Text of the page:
Macro, Meso, and Micro: Finger Lakes Climate

Climate is what you expect and plan for; weather is what you get.

Climate is what you expect and plan for; weather is what you get.

Successful grape growing depends on knowing your climate. Our Finger Lakes climate is a critical concern in the vineyard, and so it is a serious course of study on Sheldrake Point. We know that vine survival, productivity, and fruit quality may be limited by temperature extremes in winter, or springtime cold episodes.

For once, I’m not actually talking about the weather. Climate differs from weather in that climate refers to long-term averages or summations of weather. A way to make the distinction, and a common reference, is:

“Climate is what you expect; weather is what you get.”

Macroclimate

Macroclimate refers to the climate at the scale of a large geographic region. Each of New York’s three major macro-climates show distinct patterns in temperature, solar radiation, and rainfall, and knowing these patterns is critical to grape growing:

  • Mid-Atlantic Region, encompassing New York City, Long Island, and the Lower Hudson Valley. Strongly moderated by the Atlantic Ocean, with less severe winter cold temperatures than experienced in Upstate NY.
  • New England Region, in the mid-to-upper Hudson River Valley and the Lake Champlain Valley. Less influenced by the Great Lakes or the Atlantic Ocean, and more like continental climates in the Midwest. Cloud cover is less frequent than in Western NY, but the lack of major bodies of water to buffer temperatures leads to more extreme and sudden temperature fluctuations.
  • The Great Lakes Region, in Western and Central New York. The Great Lakes Region is an important differentiation within states bordering one of these, the largest group of freshwater lakes on Earth. In the case of New York, we tip our caps to Erie and Ontario.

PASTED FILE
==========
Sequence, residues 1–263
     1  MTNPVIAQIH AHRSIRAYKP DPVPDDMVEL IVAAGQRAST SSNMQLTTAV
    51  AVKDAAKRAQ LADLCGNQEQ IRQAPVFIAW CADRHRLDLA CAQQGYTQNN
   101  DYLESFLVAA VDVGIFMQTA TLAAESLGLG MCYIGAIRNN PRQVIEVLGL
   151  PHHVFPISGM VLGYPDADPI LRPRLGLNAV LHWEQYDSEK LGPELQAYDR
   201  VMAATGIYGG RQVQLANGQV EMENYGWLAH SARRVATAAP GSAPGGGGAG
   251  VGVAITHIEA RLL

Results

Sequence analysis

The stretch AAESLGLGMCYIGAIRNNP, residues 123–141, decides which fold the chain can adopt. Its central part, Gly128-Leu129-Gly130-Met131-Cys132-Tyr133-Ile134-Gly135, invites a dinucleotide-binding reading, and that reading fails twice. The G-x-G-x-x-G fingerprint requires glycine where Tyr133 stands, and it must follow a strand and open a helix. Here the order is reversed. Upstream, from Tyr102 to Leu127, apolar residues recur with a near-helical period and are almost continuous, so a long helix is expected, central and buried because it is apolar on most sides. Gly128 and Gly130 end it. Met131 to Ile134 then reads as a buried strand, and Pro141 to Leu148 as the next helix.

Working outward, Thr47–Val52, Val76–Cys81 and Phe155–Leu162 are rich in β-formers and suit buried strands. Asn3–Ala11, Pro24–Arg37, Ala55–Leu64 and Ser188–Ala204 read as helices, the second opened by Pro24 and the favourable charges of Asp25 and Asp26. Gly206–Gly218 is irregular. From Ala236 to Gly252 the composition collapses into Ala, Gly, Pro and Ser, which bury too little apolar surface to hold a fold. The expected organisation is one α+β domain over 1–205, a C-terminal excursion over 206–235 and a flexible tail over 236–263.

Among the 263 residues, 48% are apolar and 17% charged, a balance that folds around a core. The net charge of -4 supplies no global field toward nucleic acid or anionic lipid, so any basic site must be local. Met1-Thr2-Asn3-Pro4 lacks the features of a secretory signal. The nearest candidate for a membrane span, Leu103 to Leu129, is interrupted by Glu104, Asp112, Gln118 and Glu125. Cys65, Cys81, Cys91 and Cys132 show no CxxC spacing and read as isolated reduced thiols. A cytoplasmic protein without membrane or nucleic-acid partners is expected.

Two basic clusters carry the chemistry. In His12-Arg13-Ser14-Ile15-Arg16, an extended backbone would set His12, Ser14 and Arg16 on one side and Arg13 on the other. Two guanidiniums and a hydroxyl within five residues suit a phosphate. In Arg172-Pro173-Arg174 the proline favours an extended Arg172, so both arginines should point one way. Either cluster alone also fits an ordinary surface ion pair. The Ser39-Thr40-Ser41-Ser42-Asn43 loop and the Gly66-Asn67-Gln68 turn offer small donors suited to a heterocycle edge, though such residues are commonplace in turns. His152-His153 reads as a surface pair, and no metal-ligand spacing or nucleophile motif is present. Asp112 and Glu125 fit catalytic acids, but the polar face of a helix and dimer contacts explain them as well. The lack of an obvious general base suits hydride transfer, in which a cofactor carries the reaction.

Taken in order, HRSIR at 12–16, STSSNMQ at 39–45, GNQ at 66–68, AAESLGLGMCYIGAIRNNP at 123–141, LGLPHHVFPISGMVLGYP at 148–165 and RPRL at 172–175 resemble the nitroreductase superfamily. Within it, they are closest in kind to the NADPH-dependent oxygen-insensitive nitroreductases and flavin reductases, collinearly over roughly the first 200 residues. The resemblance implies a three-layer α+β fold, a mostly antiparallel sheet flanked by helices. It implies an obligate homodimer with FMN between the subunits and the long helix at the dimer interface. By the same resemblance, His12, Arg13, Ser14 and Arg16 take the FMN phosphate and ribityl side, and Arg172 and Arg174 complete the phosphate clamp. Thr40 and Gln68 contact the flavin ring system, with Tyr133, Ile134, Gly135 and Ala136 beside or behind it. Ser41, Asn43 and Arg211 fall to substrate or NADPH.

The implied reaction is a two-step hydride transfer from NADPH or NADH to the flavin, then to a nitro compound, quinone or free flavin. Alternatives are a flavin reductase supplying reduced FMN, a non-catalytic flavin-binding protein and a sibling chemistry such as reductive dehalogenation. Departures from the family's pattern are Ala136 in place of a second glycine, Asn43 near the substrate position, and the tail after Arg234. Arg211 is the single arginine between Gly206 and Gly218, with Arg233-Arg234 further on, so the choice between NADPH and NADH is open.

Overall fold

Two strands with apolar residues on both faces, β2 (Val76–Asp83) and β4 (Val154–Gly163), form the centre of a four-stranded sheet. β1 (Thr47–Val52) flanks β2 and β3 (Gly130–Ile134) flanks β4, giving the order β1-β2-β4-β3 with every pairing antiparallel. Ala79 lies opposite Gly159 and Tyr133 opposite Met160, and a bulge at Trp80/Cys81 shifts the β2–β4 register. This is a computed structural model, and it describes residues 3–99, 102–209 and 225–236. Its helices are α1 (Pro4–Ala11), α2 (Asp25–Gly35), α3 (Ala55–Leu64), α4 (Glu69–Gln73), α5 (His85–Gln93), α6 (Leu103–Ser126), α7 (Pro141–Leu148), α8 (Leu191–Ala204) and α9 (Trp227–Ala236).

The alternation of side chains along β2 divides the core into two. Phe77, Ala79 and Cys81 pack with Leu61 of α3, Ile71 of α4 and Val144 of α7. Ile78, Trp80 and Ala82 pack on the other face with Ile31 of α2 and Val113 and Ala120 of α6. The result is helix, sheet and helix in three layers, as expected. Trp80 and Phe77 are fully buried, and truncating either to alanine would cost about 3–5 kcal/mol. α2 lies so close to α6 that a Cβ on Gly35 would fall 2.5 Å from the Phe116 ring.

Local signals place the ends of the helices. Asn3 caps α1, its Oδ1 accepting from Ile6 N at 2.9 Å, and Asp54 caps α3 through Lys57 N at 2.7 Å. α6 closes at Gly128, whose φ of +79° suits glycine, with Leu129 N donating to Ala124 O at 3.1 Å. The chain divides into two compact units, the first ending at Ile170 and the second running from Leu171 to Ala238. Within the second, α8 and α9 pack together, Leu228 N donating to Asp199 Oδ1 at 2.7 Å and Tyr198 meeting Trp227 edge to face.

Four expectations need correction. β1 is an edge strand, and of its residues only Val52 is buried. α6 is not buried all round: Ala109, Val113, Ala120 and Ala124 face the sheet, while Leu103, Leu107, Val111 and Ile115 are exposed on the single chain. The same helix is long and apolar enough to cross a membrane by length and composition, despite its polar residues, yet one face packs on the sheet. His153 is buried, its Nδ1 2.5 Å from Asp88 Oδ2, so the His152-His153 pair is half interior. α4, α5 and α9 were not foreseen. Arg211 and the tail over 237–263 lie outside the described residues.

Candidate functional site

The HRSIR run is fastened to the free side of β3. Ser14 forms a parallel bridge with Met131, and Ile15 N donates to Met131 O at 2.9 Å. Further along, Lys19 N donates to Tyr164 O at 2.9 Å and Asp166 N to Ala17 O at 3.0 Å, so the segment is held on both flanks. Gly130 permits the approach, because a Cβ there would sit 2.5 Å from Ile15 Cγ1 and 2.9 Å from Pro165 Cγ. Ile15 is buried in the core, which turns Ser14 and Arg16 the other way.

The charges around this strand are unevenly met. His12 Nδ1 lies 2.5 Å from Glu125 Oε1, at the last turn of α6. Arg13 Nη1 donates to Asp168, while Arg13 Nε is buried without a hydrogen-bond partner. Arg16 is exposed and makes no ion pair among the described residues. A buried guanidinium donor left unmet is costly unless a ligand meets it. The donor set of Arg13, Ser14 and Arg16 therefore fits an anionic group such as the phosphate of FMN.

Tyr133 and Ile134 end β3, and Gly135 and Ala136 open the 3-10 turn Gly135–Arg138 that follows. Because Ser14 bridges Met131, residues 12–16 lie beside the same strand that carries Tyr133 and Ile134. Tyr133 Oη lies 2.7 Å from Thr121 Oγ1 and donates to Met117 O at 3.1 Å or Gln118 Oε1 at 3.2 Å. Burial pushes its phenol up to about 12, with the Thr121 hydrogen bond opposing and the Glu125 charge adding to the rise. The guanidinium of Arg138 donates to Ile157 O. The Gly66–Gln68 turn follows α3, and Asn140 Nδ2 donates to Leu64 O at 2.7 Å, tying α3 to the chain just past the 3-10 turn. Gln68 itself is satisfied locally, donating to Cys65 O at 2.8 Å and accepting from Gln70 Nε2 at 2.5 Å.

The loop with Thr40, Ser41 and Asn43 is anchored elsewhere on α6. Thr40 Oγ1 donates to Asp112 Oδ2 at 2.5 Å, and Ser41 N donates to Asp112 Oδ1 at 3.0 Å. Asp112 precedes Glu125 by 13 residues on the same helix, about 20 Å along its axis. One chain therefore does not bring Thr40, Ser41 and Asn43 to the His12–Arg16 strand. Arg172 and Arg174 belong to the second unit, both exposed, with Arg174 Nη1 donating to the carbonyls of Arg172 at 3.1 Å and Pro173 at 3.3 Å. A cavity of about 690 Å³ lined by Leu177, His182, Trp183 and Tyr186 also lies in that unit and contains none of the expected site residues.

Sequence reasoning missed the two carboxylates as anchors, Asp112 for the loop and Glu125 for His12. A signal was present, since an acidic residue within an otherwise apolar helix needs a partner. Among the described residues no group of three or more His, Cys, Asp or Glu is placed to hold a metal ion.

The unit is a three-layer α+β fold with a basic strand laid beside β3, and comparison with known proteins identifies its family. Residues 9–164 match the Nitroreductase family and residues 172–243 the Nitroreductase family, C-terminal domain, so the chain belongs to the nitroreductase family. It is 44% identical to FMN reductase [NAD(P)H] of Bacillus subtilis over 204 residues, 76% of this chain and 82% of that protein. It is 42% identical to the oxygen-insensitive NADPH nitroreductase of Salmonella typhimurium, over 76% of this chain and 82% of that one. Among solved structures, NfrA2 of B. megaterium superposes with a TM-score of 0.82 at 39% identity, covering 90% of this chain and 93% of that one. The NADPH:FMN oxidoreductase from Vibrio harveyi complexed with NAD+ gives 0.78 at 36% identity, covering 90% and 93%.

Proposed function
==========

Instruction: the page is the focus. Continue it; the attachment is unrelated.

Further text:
Great Lakes + Finger Lakes AVA

The Great Lakes region, which includes the Finger Lakes AVA, tends to be less rainy than the rest of the Mid-Atlantic Region, but still cloudy, with high and low temperatures moderated by the Great Lakes. In localized areas near lake shores, the general regional cloudiness and direct lake moderation of temperatures reduces the number of radiation freezes in the spring, and gives cooler maximum temperatures in the summer.

In other words, a massive body of water of consistent temperature comparatively cools the surrounding land in summer, and warms it in winter.

Mesoclimate is Finger Lakes Climate

Mesoclimate is the relatively consistent climate at a local area on a scale of a few to several miles. At the meso scale, topography, elevation, or proximity to water of an area are all important in terms of superimposing local effects on the general macroclimate. Wine growing mesoclimate examples in New York include the narrow grape belt along Lake Erie, the steep slopes above the southern end of Seneca Lake, and the narrow North Fork of Long Island.